Soft Question: Why does the Axiom of Choice lead to the weirdest constructions?

I hope this is not too off-topic / soft for math.stackexchange.

My basic question is: why does the Axiom of Choice allow for some of the weirdest constructions in math? I’ll make a list of the weird constructions I know, and I’d like answers to tackle two things:

  1. Provide examples of other weird constructions
  2. Give some explanation as to why the Axiom of Choice allows for these

List of weird constructions

  1. The wild automorphisms of $\mathbb{C}^\times$
  2. Non-measurable sets always require the AoC to construct
  3. The Banach-Tarski “paradox” uses non-measurable sets for its construction
  4. Well ordering theorem uses / is equivalent to AoC
  5. Huge list of unintuitive applications of AoC

I’d like to know what exactly AoC gives us that allows to construct these sorts of strange mathematical objects, and how one should think about this.

Solutions Collecting From Web of "Soft Question: Why does the Axiom of Choice lead to the weirdest constructions?"

This is a very natural question, even if a little subjective (due to the inherent subjectivity of what does it mean “weird”). But the answer is that the axiom of choice is not the cause of weirdness.

The axiom of choice is just a tool with which we can prove there is some uniform “mess” throughout the universe of sets. But it really helps us to rein down some of the stranger mess caused without the axiom of choice. So really the reason people ask this question (and they do, often) is that they are not familiar with disasters that may happen without choice.

So to paraphrase von Neumann, if people say that the axiom of choice has counterintuitive implications they really don’t know how strange can a universe without choice be.

First let’s deal with the obvious problem. The axiom of choice is a global statement. It asserts the existence of some objects for every family. The negation of the axiom of choice does not imply that these objects do not exist, and even the negation of the axiom of choice does not tell us where the axiom of choice fails and how badly.

So it is possible that the axiom of choice fails, but every countable union of countable sets is countable, and the real numbers can be well-ordered and their power set can be well-ordered, and everything anyone ever cared about can be well-ordered, and only somewhere in the very high stratosphere of the universe of sets there is some failure of choice which affects nobody “down on earth”. But of course that in this situation we can just repeat all the choice-y arguments to get all the usual counterintuitive results.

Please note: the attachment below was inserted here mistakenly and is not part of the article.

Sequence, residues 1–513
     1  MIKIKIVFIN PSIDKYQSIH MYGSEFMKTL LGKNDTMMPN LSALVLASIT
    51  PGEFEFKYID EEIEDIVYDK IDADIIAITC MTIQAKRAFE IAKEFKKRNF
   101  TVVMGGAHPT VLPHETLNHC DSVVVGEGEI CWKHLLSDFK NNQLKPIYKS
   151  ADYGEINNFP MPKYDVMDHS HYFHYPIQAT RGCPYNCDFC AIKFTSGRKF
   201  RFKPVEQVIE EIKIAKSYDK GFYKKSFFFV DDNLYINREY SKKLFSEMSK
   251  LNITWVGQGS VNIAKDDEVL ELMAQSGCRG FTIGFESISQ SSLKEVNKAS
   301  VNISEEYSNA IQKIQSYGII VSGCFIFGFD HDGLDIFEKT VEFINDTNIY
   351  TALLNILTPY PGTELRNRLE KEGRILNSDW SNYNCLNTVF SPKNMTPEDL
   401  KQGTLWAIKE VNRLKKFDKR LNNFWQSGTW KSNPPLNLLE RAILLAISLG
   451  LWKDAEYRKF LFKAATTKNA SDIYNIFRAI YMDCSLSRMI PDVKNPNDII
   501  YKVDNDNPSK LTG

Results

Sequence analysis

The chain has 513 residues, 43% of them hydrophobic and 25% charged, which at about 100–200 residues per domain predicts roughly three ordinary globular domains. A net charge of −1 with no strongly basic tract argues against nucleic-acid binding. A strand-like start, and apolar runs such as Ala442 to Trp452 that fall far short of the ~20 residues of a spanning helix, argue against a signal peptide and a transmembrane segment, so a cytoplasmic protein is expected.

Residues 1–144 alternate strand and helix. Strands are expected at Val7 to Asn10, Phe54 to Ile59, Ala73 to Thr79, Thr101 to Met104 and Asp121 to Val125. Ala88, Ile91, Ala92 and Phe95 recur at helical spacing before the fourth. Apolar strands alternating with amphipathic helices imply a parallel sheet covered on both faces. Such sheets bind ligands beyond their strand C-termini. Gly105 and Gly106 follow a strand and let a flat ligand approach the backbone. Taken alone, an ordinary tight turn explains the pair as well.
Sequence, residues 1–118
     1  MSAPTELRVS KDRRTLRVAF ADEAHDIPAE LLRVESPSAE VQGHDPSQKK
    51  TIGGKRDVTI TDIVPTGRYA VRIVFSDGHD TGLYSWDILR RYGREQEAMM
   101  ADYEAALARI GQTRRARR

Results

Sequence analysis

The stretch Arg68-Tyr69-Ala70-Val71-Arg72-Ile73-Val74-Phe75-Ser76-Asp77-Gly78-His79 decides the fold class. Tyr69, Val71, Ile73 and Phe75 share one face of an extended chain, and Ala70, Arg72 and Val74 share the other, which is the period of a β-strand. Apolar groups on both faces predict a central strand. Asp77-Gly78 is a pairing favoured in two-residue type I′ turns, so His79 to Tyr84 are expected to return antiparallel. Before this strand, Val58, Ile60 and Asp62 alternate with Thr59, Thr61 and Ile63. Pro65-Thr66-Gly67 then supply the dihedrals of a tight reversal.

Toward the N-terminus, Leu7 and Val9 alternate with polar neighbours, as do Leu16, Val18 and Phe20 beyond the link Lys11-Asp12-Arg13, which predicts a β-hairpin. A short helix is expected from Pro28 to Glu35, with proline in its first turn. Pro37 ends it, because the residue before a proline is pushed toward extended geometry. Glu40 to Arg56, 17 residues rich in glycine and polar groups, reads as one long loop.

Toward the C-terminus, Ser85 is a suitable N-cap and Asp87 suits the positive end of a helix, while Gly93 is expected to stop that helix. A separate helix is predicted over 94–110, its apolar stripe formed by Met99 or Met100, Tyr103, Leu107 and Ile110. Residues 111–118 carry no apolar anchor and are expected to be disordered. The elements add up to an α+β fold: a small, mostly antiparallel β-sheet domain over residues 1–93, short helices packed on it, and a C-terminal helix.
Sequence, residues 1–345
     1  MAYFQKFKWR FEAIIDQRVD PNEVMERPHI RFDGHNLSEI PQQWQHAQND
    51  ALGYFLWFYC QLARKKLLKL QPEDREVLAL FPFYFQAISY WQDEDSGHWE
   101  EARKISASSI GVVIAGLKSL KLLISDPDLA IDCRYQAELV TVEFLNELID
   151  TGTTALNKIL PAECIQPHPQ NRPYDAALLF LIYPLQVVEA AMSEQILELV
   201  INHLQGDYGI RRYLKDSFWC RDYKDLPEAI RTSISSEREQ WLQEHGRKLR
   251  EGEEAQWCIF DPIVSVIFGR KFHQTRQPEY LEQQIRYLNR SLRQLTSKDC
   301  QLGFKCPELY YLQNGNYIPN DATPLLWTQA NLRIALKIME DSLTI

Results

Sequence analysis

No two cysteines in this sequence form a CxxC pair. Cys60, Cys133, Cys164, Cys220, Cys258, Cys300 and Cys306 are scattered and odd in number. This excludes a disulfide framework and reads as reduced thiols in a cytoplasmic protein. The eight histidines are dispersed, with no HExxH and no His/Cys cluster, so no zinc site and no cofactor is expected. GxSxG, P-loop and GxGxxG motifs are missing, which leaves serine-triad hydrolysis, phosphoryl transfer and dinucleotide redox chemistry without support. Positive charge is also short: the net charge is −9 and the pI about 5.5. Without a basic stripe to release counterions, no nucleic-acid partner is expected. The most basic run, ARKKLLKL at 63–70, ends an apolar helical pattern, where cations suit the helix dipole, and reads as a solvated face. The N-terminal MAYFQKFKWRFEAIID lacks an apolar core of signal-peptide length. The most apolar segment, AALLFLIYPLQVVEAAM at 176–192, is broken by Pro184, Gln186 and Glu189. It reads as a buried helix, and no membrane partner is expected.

What does it mean? It means that if we want to talk about counterintuitive results without choice, we might as well assume that choice failed at some level “of interest”. What could go wrong?

  1. You don’t want Banach-Tarski? This means that the Hahn-Banach theorem fails, and this means that there is a Banach space without any continuous functionals except $0$.

  2. You don’t want non-measurable sets? This means that you can partition the real numbers into strictly more parts than real numbers, but no part is empty. Yes, let that sink for a moment: you can partition the reals into more parts than numbers!

  3. You can have a situation where the real numbers is a countable union of countable sets. There measure theory goes out the window, because the Lebesgue measure cannot be $\sigma$-additive. You can salvage a little bit of measure theory by talking about codes, but it makes everything a million times more technical (as if measure theory was non-technical to begin with).

  4. You can have the case that $\Bbb N$ is not a Lindelof space. Yes, a countable discrete space is not necessarily Lindelof. And equivalently, it turns out, that $\Bbb R$ could just as well be non-Lindelof.

  5. It is possible that $\Bbb Q$ has two non-isomorphic algebraic closures. They are still elementary equivalent, so to some extent it’s not that bad. But this is something to consider when you want to talk about algebraic closures.

The list can go on and on and on. Every time something counterintuitive fails, you can use that failure to get something which is very counterintuitive to hold. This is some sort of dichotomy, and it is simply due to the fact that infinite sets are weird. This is not the fault of choice, it is the fault of infinity. Actually, this is nobody’s fault, this is why mathematics is so much fun! And this is why we actually bother to write proofs, and not just say “yeah, that’s reasonable, let’s continue!”